How can we better show that the differences between the Apostolic view of Christ and the Trinitarian view of Christ are not merely semantics?
What a great question to consider at Christmas time. “Unto us a child is born…” (Is. 9:6). Six words. The words are at the beginning of a wonderful prophecy, written by inspiration of the Spirit of God, through a prophet centuries ago. Our trinitarian friends often miss the truth about the incarnation. They miss not just the facts of the incarnation; they also miss seeing that God’s revelation is not intended to merely “create a sense of mystery” that we stand in awe of, but cannot understand.
A growing number of scholars even outside our movement are pointing this out. Hendrikus Berkhof says, “How can God be one and three? How can God be a person and at the same time consist of three persons? And how can Jesus regard God as greater than himself if from eternity he is ‘one in essence with the Father’? So God became a mystery in which the covenant partner, man, does not share. The latter can only adore this mystery; for his faith, it has no significance.” The real truth about God and His intention for humanity in the incarnation is often lost! Even Kohnstamm says regarding the trinity, “…but even as a member of the church I have for many years understood nothing of what is nevertheless regarded as its central dogma.” The eternal truth is lost in the muddied doctrines of tradition.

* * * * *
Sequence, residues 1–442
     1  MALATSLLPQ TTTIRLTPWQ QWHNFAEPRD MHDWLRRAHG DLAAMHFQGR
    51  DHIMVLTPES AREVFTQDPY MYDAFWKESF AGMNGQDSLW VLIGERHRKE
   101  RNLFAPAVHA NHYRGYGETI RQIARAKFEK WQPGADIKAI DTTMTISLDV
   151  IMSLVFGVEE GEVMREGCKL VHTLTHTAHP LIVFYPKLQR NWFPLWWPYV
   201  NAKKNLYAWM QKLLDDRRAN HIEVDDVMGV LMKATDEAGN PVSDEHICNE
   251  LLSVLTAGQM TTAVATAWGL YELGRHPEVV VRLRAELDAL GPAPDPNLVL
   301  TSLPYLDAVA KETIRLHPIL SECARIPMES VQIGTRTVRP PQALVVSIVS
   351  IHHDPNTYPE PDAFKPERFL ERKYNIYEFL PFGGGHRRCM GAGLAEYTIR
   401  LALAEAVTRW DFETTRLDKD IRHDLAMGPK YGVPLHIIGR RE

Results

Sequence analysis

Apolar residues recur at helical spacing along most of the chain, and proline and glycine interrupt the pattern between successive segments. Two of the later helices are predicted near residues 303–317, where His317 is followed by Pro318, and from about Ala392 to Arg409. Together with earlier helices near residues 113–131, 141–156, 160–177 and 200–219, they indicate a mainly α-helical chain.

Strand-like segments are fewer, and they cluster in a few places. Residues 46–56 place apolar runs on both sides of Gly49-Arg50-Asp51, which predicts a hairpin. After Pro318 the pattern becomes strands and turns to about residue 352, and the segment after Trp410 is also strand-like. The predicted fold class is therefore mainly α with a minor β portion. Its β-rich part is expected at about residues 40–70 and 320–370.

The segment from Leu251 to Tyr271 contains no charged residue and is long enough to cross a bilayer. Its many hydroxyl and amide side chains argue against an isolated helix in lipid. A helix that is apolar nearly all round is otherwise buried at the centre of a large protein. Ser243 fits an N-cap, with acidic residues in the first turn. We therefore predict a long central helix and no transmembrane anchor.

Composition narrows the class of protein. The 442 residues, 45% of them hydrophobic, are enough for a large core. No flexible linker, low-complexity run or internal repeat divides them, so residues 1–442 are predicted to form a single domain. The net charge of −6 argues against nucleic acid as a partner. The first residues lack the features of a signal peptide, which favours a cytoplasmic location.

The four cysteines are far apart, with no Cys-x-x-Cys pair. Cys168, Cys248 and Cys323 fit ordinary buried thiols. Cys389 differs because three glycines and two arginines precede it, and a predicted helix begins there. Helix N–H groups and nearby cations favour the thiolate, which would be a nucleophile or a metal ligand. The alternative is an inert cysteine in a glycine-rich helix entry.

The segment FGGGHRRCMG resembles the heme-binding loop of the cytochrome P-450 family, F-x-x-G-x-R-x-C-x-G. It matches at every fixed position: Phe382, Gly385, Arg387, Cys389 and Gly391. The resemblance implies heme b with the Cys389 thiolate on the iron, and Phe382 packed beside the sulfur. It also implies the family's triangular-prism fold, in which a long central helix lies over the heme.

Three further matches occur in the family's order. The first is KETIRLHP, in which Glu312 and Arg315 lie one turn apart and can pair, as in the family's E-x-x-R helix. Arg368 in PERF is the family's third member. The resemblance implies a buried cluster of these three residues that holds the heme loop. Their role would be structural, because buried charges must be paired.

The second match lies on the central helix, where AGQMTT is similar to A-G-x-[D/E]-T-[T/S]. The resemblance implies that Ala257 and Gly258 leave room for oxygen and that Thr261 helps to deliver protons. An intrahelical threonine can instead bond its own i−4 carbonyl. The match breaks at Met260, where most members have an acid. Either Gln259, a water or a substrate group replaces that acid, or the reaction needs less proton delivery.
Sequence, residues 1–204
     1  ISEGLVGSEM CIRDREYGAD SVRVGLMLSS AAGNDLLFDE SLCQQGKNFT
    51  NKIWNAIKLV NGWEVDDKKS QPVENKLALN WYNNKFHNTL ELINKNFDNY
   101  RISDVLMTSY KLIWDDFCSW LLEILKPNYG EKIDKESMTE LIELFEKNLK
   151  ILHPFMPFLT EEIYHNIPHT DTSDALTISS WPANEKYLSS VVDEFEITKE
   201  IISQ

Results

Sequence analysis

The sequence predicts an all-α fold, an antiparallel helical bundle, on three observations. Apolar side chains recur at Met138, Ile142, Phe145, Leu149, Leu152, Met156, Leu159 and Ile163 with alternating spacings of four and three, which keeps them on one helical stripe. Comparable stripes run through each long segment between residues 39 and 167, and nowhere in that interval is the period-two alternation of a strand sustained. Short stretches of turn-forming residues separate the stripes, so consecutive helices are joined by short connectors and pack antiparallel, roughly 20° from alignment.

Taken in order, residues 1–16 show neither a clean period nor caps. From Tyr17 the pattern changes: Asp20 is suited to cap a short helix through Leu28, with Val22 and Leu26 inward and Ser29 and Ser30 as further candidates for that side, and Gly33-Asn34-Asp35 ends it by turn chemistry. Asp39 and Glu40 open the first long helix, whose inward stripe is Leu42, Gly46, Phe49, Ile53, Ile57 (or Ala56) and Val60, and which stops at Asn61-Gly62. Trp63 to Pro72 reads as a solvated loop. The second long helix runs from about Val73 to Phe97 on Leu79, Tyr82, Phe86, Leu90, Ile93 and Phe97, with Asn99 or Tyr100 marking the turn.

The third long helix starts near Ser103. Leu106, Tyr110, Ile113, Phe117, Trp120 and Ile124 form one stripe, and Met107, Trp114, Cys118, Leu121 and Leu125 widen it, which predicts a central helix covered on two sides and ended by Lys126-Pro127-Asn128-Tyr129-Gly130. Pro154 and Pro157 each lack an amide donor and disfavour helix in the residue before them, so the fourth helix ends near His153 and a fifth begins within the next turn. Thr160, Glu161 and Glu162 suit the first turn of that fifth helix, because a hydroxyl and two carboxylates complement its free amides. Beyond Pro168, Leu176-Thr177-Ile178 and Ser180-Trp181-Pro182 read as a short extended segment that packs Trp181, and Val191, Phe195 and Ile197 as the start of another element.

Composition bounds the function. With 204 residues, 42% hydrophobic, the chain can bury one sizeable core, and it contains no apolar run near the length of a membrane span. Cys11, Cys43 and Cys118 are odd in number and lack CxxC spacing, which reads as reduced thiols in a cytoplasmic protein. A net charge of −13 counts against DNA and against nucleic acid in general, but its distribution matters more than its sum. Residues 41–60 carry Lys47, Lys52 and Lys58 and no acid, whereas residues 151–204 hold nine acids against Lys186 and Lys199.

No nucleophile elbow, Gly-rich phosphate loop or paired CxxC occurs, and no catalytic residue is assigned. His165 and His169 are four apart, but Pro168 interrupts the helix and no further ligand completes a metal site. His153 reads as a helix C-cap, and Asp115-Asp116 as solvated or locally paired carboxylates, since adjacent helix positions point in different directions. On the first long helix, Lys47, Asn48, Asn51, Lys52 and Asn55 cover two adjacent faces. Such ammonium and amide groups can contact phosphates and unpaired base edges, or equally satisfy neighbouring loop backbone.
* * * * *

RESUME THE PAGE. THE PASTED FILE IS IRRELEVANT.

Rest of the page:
What is disclosed? Nothing less than God’s heart. How far would God go to reach us? This prophecy shows us! God’s love would make Him go to a manger! When no man could be our priest and advocate because of their own sin, the desire of God refused to allow Him to stand aside as merely an Observer.
As I have written in another publication, “…that little bit of flesh, born in Bethlehem, became the tip of the spear in the greatest battle in human history.” Even trinitarian scholars like James Dunn admit this is going on in passages like Phil. 2:8, showing that the phrase “And being found in fashion as a man,” “…provides the bridge to the next movement… the end result of Christ’s odyssey, and by means of passive construction makes it the basis for the next thought, the next stage — Christ’s death.”
We often just rush to His death, but before death, God had to come as a man! Not as a second person… So, as Oscar Cullmann rightly points out, “…the Second Adam must correct the first Adam’s sin of disobedience.” As even Berkhof admits, “…this sonship has its origin in eternity; and it realizes itself in a history of struggle and obedience.” God must enter the fray legally as a man. As so He did in Bethlehem… and the world has never been the same.